In the early morning hours of Dec. 8, news broke that a prisoner exchange with Russia had been agreed upon securing the release of basketball star Brittney Griner, who had been detained for almost 10 months. The exchange involving Russian arms dealer Viktor Bout, who was serving a 25-year sentence in a U.S. prison, happened in the United Arab Emirates. After that, Griner, 32, a WNBA Champion and two-time Olympic gold medalist, was flown to San Antonio, Texas, for medical evaluation and treatment, arriving in the early morning of Dec. 9.

“Today, we gladly applaud the administration for the hard work of ensuring Brittney’s imprisonment finally came to an end. My prayers for her and her family remain as strong today as ever because her journey is far from over. Brittney returns home with spiritual and emotional wounds that can only heal now that she’s free,” said the Rev. Al Sharpton in a statement.

“The fact that Griner was both Black and LGBTQ+ made her even more of a target, and the treatment that she faced in the Russian court system even more horrific. The Biden administration was right to recognize that bringing Griner home was a top priority, and we thank them for that,” noted Victoria Kirby York, director of public policy and programs at the National Black Justice Coalition, a leading Black LGBTQ+ civil rights organization.

Griner’s WNBA team, the Phoenix Mercury, released the following: “The emotions for our organization, just like for our fans and so many across the world, are those of joyous celebration, deep gratitude, grief for the time lost, and sincere hope for all families still awaiting the return of a loved one.”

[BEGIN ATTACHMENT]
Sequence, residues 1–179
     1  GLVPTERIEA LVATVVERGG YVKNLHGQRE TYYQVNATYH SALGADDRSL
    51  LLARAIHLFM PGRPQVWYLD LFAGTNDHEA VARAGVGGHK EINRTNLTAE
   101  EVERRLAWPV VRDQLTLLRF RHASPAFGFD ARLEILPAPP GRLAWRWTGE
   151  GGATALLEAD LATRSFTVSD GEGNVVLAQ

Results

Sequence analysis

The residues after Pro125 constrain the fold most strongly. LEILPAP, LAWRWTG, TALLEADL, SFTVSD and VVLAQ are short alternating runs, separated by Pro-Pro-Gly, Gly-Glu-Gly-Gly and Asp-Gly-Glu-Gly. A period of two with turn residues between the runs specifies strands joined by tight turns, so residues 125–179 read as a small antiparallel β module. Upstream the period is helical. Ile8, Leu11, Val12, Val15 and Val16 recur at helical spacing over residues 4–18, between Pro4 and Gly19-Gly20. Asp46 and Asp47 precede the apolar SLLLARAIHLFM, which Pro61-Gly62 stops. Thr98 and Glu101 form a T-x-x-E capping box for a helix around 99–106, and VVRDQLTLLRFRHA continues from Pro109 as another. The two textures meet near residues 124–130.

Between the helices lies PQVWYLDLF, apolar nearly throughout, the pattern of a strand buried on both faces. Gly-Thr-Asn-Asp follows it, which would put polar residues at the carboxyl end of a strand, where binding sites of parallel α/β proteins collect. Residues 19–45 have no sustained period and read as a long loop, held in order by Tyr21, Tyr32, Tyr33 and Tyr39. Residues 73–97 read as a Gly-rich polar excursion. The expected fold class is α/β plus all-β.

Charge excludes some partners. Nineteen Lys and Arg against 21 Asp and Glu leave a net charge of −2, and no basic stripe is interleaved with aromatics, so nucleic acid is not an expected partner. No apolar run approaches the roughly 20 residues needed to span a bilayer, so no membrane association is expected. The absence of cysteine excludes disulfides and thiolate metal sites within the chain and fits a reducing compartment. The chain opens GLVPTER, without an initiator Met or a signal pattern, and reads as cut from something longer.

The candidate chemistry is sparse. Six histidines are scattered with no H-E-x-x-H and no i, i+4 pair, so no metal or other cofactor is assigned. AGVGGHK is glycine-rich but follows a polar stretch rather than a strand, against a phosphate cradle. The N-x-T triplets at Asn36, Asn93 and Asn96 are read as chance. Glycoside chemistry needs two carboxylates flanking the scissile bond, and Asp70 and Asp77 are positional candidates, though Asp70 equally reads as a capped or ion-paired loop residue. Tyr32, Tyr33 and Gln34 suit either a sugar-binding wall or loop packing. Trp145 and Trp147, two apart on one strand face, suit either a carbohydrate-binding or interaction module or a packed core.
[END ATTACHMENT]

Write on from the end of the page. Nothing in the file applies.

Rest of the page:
WNBA Commissioner Cathy Engelbert spoke with the media on Dec. 8. She mentioned the unrelenting support that Griner received from WNBA players, coaches and others. “They advocated for her every day, and the whole women’s basketball system. I want to thank you, the media, for keeping BG at the top of your coverage because that was helpful. And to the WNBA fans as well who continued to advocate for BG in getting her home,” she said.

There is ongoing discussion that the whole reason Griner was playing for a team in Russia was because WNBA players don’t earn enough. It should be noted that in her absence Griner’s full salary was paid for the 2022 season. The mood among those connected to women’s hoops remains filled with gratitude over Griner’s release. 

“It has been super hard to keep the faith,” said broadcaster Lawrencia Moten, a former college player turned commentator. “Right now, everyone’s thoughts, love and prayers are with her family, but I do feel there’s going to be a lot more to unpack.”

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